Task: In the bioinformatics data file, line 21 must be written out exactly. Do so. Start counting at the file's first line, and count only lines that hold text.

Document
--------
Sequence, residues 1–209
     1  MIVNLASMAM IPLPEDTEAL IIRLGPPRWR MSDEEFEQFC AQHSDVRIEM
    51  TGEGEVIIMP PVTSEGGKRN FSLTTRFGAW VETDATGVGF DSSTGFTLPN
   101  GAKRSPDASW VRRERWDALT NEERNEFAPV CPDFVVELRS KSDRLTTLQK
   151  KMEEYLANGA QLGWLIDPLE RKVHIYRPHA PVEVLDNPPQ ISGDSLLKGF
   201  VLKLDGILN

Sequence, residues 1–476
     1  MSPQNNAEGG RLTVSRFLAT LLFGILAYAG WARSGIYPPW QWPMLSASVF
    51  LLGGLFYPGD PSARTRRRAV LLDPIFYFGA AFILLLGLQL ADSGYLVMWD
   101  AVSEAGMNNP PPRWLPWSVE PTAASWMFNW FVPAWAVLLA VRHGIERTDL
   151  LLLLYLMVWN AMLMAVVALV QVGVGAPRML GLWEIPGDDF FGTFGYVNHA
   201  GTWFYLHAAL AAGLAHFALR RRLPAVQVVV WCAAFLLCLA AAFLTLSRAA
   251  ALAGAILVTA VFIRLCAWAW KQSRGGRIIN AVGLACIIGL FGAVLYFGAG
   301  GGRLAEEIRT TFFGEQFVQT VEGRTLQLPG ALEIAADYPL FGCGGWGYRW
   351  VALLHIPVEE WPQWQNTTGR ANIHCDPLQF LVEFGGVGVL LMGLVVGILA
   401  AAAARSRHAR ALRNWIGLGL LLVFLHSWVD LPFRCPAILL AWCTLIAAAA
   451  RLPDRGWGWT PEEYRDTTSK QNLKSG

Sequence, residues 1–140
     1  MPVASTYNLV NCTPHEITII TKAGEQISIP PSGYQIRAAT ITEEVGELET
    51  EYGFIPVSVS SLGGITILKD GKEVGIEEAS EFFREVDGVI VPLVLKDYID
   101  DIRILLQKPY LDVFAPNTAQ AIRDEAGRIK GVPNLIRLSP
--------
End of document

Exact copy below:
   101  DIRILLQKPY LDVFAPNTAQ AIRDEAGRIK GVPNLIRLSP